The Debt Management Office (DMO) wishes to make further clarifications in order to put, in proper perspective, the matter regarding the Announcement by JP Morgan of its proposed phasing out of FGN Bonds in its Government Bond Index – Emerging Markets (GBI –EM)
It would be recalled that the DMO resuscitated the Domestic Bond Market in 2003 when it first issued FGN Bonds. This landmark achievement was intended to restructure the Government’s domestic borrowing which was predominantly short term and to develop the domestic bond market which had been moribund for about 20 years. To achieve these objectives, the DMO in collaboration with other stakeholders introduced several measures to deepen the market amongst which are: regular and transparent FGN Bond Auctions; the appointment of dedicated market makers known as Primary Dealer Market Makers to support the Bond Auctions and ensure an active Secondary Market; a Two-Way Quote based market; existence of Benchmark Bonds; a Sovereign Yield Curve extending to 20 years and, a diversified domestic investor base. In essence, a strong and well established domestic bond market had been developed through inherent local capacity without any foreign facilitation.
Based on the above and the existence of an active Two-Way Quote Interbank Foreign Exchange Market, the Nigerian Bond Market received international recognitions through the inclusion of FGN Bonds in Global Bond Indices. The inclusions were recognition that Nigeria was one of the few emerging market countries with a robust domestic bond market. Thus, FGN Bonds were included in J P Morgan’s GBI – EM (October, 2012) and Barclays Capital’s Emerging Markets – Local Currency Bond Index (March, 2013). Since these awards came after the Nigerian Bond Market had been developed, it follows therefore, that they were recognitions for achievements already recorded rather than pre-requisites for the development of the market. It is important to note that Nigeria became the only African country after South Africa to be included in the GBI – EM and also that there are several other emerging market countries such as Venezuela whose domestic Bonds are not included in any international Bond Index. Their non-inclusion has not limited their markets or economies.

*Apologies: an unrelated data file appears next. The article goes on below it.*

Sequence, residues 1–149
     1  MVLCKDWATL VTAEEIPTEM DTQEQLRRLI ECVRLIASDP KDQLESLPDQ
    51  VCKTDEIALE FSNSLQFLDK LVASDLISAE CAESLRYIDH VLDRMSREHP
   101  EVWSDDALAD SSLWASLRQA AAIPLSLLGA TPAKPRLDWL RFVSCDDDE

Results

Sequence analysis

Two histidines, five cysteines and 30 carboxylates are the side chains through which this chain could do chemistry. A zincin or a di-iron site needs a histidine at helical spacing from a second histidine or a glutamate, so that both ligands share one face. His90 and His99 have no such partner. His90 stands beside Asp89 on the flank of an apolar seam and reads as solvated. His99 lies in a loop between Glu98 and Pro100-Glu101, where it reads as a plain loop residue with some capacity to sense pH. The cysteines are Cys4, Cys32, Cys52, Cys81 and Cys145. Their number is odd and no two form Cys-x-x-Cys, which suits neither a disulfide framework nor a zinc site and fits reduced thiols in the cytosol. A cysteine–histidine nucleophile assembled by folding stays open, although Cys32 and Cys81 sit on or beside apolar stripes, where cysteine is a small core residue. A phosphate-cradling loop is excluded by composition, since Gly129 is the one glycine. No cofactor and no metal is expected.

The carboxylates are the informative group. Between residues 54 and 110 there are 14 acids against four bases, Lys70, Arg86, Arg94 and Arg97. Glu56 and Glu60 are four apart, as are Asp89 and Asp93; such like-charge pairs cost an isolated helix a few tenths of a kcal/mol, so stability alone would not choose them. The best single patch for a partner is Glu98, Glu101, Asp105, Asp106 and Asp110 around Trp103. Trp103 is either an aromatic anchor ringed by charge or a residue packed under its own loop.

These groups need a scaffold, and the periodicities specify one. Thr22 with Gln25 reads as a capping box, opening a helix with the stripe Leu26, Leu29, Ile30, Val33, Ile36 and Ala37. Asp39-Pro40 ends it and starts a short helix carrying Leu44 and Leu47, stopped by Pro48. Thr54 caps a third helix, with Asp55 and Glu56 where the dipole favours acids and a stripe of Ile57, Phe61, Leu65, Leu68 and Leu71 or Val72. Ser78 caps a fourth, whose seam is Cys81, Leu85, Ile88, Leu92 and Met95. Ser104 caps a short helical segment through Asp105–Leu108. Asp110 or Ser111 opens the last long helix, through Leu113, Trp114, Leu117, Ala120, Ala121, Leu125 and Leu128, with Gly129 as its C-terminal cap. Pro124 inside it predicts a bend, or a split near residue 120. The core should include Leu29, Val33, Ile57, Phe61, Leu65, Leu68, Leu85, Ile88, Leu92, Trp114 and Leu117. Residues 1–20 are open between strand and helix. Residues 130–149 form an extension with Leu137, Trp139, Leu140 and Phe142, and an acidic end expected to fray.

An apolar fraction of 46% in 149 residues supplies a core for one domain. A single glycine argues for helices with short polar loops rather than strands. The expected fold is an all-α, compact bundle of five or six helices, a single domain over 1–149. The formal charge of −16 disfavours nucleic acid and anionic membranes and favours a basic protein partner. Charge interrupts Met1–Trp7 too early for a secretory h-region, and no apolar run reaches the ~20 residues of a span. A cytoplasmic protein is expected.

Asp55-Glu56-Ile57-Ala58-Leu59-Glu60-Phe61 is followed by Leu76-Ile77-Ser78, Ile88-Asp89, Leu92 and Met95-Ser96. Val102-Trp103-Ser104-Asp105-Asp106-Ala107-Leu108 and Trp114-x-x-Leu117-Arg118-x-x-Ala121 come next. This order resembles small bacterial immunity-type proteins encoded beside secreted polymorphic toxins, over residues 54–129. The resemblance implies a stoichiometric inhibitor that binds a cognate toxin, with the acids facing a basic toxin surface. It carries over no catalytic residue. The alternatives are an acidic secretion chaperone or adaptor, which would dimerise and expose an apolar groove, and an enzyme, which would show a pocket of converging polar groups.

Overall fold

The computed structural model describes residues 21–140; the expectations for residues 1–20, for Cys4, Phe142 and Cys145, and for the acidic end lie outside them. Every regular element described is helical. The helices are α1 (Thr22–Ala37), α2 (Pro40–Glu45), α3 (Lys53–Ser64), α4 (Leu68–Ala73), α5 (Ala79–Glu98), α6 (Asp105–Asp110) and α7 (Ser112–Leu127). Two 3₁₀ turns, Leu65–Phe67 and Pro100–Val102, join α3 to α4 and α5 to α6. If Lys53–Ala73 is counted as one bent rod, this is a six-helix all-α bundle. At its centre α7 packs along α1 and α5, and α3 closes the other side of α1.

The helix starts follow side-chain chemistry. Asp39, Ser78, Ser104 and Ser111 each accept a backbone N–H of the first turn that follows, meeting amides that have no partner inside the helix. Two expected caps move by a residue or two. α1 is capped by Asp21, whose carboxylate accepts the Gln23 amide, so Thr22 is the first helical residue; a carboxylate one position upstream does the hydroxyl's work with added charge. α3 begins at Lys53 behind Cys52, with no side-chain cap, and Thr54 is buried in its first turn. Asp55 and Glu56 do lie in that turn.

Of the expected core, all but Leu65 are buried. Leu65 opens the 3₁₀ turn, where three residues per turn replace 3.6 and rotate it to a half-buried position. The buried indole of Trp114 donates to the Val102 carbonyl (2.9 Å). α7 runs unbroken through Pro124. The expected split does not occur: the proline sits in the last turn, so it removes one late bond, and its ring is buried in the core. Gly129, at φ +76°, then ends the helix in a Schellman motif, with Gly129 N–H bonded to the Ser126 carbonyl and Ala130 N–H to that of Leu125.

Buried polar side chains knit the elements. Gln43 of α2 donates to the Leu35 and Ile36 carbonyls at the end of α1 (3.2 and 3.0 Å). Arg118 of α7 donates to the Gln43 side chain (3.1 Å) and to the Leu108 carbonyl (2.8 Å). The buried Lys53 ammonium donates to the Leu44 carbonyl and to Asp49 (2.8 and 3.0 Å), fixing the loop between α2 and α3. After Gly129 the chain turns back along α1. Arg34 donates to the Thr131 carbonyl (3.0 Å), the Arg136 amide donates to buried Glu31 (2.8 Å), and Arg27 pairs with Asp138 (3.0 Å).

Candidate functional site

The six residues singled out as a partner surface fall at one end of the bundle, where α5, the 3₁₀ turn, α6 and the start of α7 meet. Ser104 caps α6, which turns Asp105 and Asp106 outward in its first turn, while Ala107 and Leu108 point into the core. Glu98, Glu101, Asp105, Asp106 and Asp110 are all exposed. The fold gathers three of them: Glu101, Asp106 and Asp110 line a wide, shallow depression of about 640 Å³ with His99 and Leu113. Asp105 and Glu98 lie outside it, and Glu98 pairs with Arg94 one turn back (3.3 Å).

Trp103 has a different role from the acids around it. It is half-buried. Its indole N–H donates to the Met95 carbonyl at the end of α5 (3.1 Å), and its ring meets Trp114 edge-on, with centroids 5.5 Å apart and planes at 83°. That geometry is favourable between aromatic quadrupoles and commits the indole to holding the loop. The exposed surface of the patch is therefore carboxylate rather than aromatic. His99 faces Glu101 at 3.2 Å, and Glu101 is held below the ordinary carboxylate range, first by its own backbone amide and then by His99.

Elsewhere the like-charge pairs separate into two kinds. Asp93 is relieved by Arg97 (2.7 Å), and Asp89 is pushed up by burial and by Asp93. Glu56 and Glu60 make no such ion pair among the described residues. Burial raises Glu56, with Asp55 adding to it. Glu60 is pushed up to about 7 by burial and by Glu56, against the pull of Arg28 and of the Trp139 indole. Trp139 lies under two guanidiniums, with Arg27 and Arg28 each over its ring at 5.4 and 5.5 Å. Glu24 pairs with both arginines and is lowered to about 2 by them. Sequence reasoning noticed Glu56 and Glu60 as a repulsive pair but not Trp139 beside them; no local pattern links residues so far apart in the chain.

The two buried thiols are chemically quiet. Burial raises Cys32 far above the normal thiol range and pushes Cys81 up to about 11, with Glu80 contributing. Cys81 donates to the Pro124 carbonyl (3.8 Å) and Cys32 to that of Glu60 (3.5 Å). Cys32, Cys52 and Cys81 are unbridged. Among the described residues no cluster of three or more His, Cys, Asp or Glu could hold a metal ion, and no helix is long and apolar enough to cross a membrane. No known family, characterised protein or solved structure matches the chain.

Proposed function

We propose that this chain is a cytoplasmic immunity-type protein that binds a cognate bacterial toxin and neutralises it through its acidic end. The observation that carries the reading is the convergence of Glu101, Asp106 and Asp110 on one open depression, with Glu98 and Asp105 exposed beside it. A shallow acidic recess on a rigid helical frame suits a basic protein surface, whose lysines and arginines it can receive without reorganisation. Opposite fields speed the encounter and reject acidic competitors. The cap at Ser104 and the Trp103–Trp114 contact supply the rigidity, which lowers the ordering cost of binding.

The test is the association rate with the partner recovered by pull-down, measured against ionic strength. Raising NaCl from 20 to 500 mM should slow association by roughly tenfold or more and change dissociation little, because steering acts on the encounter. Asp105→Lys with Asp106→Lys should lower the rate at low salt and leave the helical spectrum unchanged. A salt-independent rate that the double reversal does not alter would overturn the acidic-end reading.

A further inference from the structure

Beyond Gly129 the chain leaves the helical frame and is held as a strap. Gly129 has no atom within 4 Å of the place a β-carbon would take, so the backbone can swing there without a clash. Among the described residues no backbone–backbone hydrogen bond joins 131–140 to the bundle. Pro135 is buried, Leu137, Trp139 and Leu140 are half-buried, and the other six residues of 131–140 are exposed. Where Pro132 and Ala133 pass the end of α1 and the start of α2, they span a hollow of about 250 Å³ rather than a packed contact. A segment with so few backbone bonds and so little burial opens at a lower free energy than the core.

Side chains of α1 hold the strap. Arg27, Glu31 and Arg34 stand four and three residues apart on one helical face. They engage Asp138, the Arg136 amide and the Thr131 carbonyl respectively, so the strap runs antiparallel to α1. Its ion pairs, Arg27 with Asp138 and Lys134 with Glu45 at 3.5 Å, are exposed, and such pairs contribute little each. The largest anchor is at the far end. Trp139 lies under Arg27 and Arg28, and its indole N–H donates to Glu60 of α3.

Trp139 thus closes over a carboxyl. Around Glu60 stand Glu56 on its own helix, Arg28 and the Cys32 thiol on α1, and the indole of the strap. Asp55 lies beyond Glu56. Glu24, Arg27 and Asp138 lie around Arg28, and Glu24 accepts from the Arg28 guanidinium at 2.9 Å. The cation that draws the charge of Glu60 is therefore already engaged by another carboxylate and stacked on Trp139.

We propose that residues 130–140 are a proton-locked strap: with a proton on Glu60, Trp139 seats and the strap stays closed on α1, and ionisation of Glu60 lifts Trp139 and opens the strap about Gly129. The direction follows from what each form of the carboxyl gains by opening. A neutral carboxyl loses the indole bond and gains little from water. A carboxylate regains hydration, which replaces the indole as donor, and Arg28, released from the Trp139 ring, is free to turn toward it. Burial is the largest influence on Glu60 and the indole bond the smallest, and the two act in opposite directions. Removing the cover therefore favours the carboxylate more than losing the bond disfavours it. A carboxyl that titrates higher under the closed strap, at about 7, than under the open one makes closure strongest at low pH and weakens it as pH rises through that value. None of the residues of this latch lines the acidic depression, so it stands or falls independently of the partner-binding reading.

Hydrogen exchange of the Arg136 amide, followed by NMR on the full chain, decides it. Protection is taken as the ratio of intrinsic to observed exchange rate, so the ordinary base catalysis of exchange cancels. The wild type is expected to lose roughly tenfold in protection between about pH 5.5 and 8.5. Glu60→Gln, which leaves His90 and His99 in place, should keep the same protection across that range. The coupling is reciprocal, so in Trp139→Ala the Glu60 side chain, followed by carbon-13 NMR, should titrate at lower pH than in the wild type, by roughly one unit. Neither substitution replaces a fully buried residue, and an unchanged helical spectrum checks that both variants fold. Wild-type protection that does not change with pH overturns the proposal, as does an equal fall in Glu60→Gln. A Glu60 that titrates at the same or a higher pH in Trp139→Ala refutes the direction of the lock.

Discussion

Notwithstanding the benefits of the inclusion of FGN Bonds in the GBI – EM, the DMO continued to introduce measures to attract more domestic investors to the Bond market particularly, non-bank institutions and retail investors in order to enlarge and diversify the investor base. The success of these measures and previous initiatives are evidenced by:
• The high subscription levels at the FGN Bond Auctions and sustained activities in the Secondary Market in spite of external developments such as the end of the Quantitative Easing Programme of the US Federal Reserve Bank in October 2014 and the placement of Nigeria on Negative Watchlist by J P Morgan in January 2015.
• The increased participation of non-banks in the FGN Bond Markets. The following statistics are indicative of the level of diversification that has been achieved in the investor base: